179. We sign up to them for accountancy purposes?
  180. (Mr Glicksman) For classification for the national accounts, yes, and statistical purposes in the case of the Office for National Statistics. The NAO report does not state that a not for profit solution would have been classified in the public sector.

  181. It was thought it would not at the time.
  182. (Mr Glicksman) As the report says, the definitive view would have been subject to a detailed assessment because it would have depended how exactly the body would have been structured.

  183. Mr Everitt, you have decided not to distribute dividends. Is that right?
  184. (Mr Everitt) We are not in a position to distribute dividends but the position of the Airline Group as shareholder is that they went into this on the basis that they would not seek a commercial return on their equity. At the end of the day, it will be for the board and the shareholders to decide on dividend distribution. There cannot be a prospect of that for some years.

  185. How happy were you taking on a structure where the debt was so large that you had to borrow effectively the entire cost valuation of the business from banks, such a small amount of 65 million effectively was put into buy it, the rest was all in debt to the banks?
  186. (Mr Everitt) I certainly looked at it. From a personal point of view I came into this job on completion of the PPP and looked at the testing that had been done against scenarios in the first two years and whilst it was clearly going to be tight it looked to be doable. The real change, of course, has been the unprecedented down turn since September 11.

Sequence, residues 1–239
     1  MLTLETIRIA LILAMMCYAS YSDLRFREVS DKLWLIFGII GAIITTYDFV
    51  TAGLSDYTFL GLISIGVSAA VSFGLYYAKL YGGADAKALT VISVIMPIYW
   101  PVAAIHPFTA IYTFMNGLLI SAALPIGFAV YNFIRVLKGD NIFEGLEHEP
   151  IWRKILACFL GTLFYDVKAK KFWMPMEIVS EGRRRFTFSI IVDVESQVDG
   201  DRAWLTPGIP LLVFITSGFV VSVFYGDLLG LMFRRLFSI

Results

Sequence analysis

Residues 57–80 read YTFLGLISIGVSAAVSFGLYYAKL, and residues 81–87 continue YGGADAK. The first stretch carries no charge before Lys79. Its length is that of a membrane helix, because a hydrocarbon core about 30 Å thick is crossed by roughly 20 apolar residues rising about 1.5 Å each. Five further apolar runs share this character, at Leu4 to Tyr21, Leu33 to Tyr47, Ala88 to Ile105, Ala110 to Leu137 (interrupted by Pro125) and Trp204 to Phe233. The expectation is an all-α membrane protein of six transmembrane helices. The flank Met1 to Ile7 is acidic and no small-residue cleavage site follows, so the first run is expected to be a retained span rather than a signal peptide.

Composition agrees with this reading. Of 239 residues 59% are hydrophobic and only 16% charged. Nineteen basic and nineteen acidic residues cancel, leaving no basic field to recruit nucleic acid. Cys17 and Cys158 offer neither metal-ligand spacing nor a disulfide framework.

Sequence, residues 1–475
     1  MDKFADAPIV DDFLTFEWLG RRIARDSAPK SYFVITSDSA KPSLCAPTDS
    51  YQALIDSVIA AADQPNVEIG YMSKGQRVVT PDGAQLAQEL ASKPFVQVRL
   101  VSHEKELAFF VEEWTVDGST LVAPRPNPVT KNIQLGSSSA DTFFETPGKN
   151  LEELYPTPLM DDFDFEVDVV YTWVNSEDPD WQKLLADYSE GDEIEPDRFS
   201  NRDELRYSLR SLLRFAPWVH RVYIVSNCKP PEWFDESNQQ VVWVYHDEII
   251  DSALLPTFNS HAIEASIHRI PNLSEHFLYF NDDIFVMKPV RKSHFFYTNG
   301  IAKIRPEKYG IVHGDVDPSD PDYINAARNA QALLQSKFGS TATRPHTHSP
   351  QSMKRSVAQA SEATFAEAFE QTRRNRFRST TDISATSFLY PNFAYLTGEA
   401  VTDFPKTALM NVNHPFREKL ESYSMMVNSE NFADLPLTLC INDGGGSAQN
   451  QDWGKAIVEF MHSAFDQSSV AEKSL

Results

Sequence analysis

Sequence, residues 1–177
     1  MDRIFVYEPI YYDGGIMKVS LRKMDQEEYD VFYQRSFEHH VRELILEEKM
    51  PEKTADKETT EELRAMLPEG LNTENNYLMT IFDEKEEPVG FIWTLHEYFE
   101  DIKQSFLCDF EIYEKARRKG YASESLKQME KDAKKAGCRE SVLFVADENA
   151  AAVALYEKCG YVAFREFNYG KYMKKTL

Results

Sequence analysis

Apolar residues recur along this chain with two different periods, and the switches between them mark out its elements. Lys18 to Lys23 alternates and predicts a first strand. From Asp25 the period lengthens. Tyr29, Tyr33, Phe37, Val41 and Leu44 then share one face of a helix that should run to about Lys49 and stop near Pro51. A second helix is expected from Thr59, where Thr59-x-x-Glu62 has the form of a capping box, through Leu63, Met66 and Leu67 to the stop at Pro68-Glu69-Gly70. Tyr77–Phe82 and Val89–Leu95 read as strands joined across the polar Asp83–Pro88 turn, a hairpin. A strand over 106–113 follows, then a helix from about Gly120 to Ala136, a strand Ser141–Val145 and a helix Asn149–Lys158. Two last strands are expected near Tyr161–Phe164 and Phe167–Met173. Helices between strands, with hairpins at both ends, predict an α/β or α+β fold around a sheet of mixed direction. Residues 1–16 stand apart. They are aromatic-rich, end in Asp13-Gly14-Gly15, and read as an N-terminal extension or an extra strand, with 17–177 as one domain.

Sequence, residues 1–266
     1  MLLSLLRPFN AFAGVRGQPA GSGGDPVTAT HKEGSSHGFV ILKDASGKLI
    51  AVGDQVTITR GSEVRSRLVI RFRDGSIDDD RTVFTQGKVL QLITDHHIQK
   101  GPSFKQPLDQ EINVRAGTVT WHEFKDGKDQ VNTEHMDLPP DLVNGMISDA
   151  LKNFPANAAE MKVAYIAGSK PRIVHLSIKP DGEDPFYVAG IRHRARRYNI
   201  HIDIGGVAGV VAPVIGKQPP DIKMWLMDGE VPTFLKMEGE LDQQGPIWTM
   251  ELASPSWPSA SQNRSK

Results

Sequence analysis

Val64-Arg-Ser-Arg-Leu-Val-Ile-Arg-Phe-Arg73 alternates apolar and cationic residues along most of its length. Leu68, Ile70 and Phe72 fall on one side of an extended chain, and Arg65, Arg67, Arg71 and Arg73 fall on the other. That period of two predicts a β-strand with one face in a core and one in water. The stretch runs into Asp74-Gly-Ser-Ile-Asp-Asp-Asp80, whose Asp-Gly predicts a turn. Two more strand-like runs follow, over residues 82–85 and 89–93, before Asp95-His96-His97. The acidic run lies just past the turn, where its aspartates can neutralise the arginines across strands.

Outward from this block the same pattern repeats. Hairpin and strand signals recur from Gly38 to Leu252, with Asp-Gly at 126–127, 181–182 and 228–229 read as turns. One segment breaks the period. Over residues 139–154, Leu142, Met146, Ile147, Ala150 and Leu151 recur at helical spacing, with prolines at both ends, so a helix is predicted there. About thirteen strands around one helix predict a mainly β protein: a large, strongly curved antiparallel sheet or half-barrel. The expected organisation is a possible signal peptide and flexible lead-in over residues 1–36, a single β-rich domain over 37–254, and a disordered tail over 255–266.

187. The aim or one of the reasons for doing this right from the beginning was the 100m a year of new investment that it was estimated the system needed to bring it up to the modern standards and keep investing in it. Is that going ahead as planned?
  188. (Mr Everitt) I have already answered that. We did 64 last area and we will do just over 50 this year. We clearly have to tailor our short-term capital investment to the circumstances in which we find ourselves, that is one where cash has had to be conserved while we go through the restructuring of our regulatory board, the restructuring of our finances, part of which is the application to the Civil Aviation Authority.

  189. Do you anticipate you will be able to keep ahead of the game?
  190. (Mr Everitt) In our business plan in two years we are planning to spend in excess of 100 million, yes. We will get back on track and I think we will be able to manage the risks much better.

  191. Ms Lomax, this is a huge undertaking, where a lot of modelling was given, where huge amounts of work went in, where 44 million of government money was spent on advice and a range of decisions had to be taken. Do you think on the whole that we have ended up with a better, more robust structure than we would have had if the sale had not happened and there had not been any restructuring?